Photos of town

Right  now I’m at a cafe near my house with pretty good internet, so I’m going to upload some photos for you all, so that you can see a little bit of the town and the people.


the view from outside my bedroom


outside my bedroom – mine is the door on the left


one of the old inca streets


the incan granaries – i hiked up there yesterday


a lady and her daughter wearing the traditional andean clothing

La Ciudad

I can see why people come here and never leave.

The Andes are stunningly beautiful – a gorgeous emerald green. It’s impossible to walk anywhere in the city and not see mountains, and I am humbled each time I look up at them. I wonder if the people who live here even notice the mountains anymore, or realize how lucky they are to live in such a beautiful corner of the world. While this is a relatively underdeveloped place, income from the thousands of tourists that stop here every year on their way to Macchu Picchu has allowed Ollanta to develop more than many of the other towns in the Sacred Valley. There is a large main square (la plaza de armas) with many cafes and shops that cater to the town’s western visitors, and the town is very well kept – most of the public spaces are incredibly clean, and it just has a certain natural charm. The city was built around the original Inca settlement here, so some newer buildings incorporate the Incan architecture within them and others just sprung up around that old part of town until the city reached the river. The streets the Incas built are all cobblestone, and although they are pretty narrow by modern standards, they are really beautiful. The Incas also built tiny connecting waterways throughout the entire city – basically 1 – 2 foot-wide channels in the cobblestone that took water from the river to irrigate the crops. Not only are they a feat of engineering, the channels are great because no matter where you are in the city, you hear the soothing sound of flowing water.

This place makes me laugh a lot, because back home in the states, there are so many city rules and official things that just don’t exist here, and the funny part is that it really doesn’t matter. For example, I have not seen one address since I’ve been here – not on any house or store or municipal building. Even the official “address” of the Awamaki office just states the neighborhood (Pilco Wasi) and city (Ollanta). There is one post office in town where all the mail is delivered, and if you are expecting a letter, you go there and tell the post lady your name, and she will sort through a giant pile of mail to find it. Also, while the streets do have official names, most of these names are not publicly displayed (especially not in the old part of town). There might be one street sign along the entire length of the road, if you’re lucky, but since the town isn’t very big it’s easy to find your way around. And people don’t seem to be very creative when it comes to naming them, either – Ollanta’s train station is located at the end of the street where I live, and so my street is just called Av Ferrocarril (aka Railroad Street).

Here is a map of Ollanta. The blue circle is my house on Av Ferrocarril (this is where we sleep), and the red circle is my house in the old part of town, where we eat. My house on Av Ferrocarril is awesome for several reasons – first, I am on the top floor, which is basically an open terrace, so right outside my bedroom I have a clear view of the mountains (which I stare at thoughtfully pretty often), and second, Av Ferrocarril runs right next to the Rio Patacancha (small stream that runs through town and empties into the Urubamba), so I can constantly hear water flowing and birds chirping and wind rustling through the trees. It’s pretty freaking awesome. The only downside is the roosters who live on the roof right next to me. Right now, it’s about 3 in the afternoon, and they are sleeping, no doubtedly resting up so that they can wake me up at 5 am tomorrow morning.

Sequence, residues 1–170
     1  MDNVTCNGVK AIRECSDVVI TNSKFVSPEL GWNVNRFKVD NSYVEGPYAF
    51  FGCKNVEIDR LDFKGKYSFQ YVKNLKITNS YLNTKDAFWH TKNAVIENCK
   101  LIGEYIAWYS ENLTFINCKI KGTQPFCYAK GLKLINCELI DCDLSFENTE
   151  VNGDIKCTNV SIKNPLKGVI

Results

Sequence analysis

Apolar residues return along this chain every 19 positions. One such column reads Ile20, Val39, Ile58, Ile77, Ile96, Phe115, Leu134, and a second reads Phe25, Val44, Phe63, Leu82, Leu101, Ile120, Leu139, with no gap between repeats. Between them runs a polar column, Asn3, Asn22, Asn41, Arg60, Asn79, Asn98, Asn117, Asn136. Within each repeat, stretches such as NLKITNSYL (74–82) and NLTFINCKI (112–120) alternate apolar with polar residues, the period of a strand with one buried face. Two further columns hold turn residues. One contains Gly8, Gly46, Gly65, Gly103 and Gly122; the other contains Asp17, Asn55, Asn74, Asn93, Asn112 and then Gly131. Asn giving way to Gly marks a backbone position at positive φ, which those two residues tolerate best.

The Awamaki office is the green circle, where we hold our english and computer classes, and Yachay Wasi isn’t on this map, but it’s east of the Awamaki office. This is the preschool where I will be working. Right now it’s the Peruvian summer, but Yachay Wasi has a small, informal summer school program, and we currently have about 8 students, but we are hoping to recruit a few more. The kids are mostly around 2 years old, and they are freaking adorable, yet I can’t understand a word of what they say. John and I are volunteering there, and we just started, so until now we’ve basically just been playing with the little kiddies, but soon we’ll plan some fun games for them so that they can learn while they play.

My host family

ok, so it takes forever to upload pictures, so i’ll have to do that later, but for now i’ll tell you all about my host family and my homestay. 

my host parents are victor and denise (at least i think that’s her name, it’s hard to understand her), and they are native ollantinos who speak fluent quechua. they are incredibly nice, and are very good and speaking slowly and clearly to me and making sure i understand everything (which is good, because everyone seems to mumble and i can’t understand half of what anyones says). they are also very patient with my rudimentary spanish skills 🙂 the family actually live in two houses – there is one house where we sleep and shower, and another house about five minutes away where eat our meals and hang out (the kitchen and the living room). the house with the kitchen is actually built around the original inca city walls – it is incredible how much of the original architecture remains. outside there is a little courtyard where doki (the family dog) lives and also some ducks and their ducklings (i’m not sure what the ducklings do or what they are there for, but they are extremely cute and i hope they are not for eating). this house is sort of a compound – some of denise and victor’s extended family live here as well, but i haven’t been formally introduced to them yet. however, i was invited into the room where they raise and keep the guinea pigs – and these are most definitely for eating, according to my peruvian family. i’m a little nervous about eating guinea pig but denise told me the meat is fried, so i should be able to stomach it. also since i’ve been here she’s fed me some other meat and i definitely couldn’t tell what it was but i ate it anyway, so i’m sure the guinea pig won’t kill me.